The term lazy eye is slang or lay term that describes reduced vision in one eye caused by the failure of the vision in that eye to develop. The one eye is considered weaker or “lazy” and this eye often wanders inwards or outwards. The other eye is considered the strong or good eye. There is no standard definition of lazy eye but the following are terms that often describe this condition. It is better to use the correct medical terms to describe these eye conditions. Amblyopia and strabismus are the typical eye conditions people refer to when discussing lazy eye. Other conditions can include ptosis.

Early diagnosis and treatment can help prevent long-term problems with the child’s vision. Treatment can usually be correct with glasses or contact lenses, syntonics (optometric phototherapy) and vision therapy. Patching may be part of a vision therapy program. Less obtrusive patches called “bi-nasal occlusion” are commonly in the clinic. A child's first eye exam should be scheduled at 6 months of age and at least once per year after that.


Amblyopia is referred to a condition where there is poor vision in one or rarely both eyes without any underlying structural or pathological cause. There are three types: refractive amblyopia, strabismic amblyopia and deprivation amblyopia. If visual acuity is normal in both eyes by the age of 5, it is extremely unlikely amblyopia can occur.

Refractive amblyopia can result in some situations that prevents the eyes from focusing clearly. If there is difference in refractive error, this is called anisometropia. In myopia difference of refraction between the eyes of as little as -3D will cause amblyopia in one eye. Farsighted (hyperopia) this difference can be as little as +1D. These refractive errors need to be present up to 5 years of age to cause amblyopia. When both eyes have a very high refractive error amblyopia may occur in both eyes otherwise known as bilateral amblyopia. Eye glasses (often with prism lenses) and contact lenses are nearly always required.

Strabismic amblyopia can result when one eye is not straight. Typically one particular eye will turn in towards the nose or outwards. This eye turn is called strabismus. Amblyopia occurs when the eye turn is constant. Common eye turns are called esotropia (cross eyed) or exotropia. If both eyes are aligned at least some of the time, this is called intermittent strabismus. In this case amblyopia is unlikely present, however testing and treatment is required.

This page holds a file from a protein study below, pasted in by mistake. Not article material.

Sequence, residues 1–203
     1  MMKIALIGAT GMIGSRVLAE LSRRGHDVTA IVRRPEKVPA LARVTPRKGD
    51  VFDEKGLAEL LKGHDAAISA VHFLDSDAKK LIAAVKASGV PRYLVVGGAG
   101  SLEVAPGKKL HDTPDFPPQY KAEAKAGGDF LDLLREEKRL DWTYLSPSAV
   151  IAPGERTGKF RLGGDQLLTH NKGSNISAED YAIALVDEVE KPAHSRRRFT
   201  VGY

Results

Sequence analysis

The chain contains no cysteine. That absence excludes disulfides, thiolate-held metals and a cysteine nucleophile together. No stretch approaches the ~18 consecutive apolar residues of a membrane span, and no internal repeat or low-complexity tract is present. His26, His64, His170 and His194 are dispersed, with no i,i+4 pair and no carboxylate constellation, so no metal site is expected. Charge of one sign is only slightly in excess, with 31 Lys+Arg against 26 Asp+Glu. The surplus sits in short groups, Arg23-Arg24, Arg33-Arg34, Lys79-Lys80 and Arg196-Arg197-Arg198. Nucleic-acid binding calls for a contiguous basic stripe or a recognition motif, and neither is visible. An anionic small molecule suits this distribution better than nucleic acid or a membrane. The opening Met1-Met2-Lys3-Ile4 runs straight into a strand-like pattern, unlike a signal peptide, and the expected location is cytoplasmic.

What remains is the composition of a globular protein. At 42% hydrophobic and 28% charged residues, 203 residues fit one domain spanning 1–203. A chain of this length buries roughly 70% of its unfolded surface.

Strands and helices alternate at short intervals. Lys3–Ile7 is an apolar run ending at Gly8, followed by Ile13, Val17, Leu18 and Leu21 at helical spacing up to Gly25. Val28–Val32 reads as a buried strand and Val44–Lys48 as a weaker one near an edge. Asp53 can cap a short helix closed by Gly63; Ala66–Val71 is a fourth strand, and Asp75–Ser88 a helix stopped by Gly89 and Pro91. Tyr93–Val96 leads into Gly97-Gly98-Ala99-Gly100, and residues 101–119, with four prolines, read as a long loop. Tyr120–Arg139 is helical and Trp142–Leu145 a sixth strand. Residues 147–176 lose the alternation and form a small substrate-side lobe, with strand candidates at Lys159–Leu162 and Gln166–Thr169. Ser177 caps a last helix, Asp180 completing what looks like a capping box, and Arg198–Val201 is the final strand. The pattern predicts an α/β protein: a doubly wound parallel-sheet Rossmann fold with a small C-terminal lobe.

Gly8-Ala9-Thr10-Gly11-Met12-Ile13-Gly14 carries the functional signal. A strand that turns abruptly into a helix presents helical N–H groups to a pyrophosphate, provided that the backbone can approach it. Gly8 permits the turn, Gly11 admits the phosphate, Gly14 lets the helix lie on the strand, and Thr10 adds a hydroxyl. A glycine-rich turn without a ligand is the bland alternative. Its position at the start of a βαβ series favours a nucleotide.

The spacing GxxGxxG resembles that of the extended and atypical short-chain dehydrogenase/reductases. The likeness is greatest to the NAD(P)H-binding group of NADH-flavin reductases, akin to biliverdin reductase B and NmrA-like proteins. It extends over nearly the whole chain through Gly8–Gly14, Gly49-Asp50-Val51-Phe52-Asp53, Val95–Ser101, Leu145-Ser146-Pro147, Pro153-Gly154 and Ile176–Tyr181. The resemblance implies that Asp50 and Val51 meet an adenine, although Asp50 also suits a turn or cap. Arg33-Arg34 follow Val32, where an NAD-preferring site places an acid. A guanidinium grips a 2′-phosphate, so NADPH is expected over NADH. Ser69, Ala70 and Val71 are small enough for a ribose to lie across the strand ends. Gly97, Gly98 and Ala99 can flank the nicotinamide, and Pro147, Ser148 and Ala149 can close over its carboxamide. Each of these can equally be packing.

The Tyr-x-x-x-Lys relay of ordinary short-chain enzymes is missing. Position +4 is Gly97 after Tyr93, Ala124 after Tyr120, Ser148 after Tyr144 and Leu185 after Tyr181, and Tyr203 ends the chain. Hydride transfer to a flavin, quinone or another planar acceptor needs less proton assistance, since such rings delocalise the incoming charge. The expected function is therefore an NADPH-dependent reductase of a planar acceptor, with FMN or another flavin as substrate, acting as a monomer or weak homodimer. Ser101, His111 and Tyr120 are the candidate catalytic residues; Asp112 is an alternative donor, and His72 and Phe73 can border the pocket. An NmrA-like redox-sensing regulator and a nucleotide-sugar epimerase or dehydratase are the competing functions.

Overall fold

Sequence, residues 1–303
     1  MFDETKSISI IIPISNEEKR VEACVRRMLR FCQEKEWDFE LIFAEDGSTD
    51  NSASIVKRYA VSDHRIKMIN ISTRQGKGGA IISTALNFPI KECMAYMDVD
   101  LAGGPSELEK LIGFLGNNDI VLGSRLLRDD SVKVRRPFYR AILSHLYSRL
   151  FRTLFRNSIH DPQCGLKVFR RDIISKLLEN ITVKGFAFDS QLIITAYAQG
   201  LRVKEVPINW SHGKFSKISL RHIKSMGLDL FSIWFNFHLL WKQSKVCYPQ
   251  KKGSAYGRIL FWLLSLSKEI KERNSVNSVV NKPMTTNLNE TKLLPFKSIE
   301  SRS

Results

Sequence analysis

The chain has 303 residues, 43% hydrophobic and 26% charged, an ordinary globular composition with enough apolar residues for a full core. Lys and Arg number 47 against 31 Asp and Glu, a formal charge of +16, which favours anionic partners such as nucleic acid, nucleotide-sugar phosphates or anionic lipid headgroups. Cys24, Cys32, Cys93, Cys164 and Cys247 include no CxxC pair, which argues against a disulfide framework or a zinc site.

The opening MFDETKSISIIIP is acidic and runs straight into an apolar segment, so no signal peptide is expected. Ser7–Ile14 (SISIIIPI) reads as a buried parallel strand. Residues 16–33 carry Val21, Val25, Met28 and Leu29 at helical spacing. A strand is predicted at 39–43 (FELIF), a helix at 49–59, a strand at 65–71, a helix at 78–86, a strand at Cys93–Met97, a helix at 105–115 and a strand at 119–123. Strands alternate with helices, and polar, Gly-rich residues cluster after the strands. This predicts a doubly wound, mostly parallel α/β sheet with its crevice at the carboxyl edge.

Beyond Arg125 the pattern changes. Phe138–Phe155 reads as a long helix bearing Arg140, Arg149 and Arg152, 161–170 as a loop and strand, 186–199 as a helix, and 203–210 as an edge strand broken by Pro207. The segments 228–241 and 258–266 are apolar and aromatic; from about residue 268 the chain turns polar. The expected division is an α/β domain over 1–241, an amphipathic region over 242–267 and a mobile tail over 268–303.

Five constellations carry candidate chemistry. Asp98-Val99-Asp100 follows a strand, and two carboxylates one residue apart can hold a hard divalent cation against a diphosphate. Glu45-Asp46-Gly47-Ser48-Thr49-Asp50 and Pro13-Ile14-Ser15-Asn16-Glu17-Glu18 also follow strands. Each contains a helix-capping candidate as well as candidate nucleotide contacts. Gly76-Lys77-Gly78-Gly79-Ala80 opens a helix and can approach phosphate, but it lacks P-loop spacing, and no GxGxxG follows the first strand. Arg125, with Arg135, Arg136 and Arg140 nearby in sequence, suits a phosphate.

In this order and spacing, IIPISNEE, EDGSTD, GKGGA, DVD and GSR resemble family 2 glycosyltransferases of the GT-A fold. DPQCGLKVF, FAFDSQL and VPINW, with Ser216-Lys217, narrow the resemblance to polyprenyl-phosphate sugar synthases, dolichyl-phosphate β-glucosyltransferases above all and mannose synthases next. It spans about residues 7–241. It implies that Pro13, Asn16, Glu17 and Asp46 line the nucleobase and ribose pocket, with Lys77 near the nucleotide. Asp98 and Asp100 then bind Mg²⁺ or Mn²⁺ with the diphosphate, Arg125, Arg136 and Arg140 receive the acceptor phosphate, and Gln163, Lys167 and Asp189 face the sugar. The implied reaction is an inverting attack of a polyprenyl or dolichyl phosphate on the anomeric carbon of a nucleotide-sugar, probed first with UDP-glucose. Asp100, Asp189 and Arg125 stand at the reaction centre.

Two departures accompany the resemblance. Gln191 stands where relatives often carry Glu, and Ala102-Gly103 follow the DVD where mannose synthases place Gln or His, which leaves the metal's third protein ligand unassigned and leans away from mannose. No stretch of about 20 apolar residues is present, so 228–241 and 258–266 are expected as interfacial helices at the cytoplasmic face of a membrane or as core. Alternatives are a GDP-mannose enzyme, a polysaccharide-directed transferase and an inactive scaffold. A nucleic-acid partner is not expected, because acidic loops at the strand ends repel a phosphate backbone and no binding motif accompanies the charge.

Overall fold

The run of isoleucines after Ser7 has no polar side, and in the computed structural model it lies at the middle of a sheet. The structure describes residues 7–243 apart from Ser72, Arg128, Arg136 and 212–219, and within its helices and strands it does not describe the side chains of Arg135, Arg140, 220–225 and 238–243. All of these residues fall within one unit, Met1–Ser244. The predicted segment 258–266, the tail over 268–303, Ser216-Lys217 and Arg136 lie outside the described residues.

Deprivation amblyopia can be caused by form deprivation. Deprivation amblyopia is caused by a physical obstruction of vision, which prevents a well focused, high contrast image on the retina. This type of amblyopia is relatively rare, found in only about 0.1% of the population, and is associated with conditions such as, cataract, blood in the eye, corneal opacities, vitreous opacities or significant ptosis (drooping eyelid) occurring early in life.

Convergence insufficiency does not cause to amblyopia. This is a common non-strabismic binocular vision problem. Normal convergence is the coordinated movement and focus of our two eyes inward on close objects, including phones, tablets, computers, and books. It is one of many vital visual skills learned during our early years, as we begin to make sense of the world and how to use our eyes to take it all in. When convergence is insufficient, it means that the eyes do not come together closely enough when looking at a near object (dashed lines in above image), so the eyes are essentially looking "past" the target focal point. The American Optometric Association and the 2008 Convergence Insufficiency Treatment Trial clearly support the superiority of office-based vision therapy, supplemented by at-home vision therapy, for treatment of convergence insufficiency.

When we are not able to converge our eyes easily and accurately, problems may develop, such as:

  • Eye strain
  • Headaches
  • Double vision
  • Difficulty reading and concentrating
  • Avoidance of near work
  • Poor work or school performance
  • Dizziness or motion sickness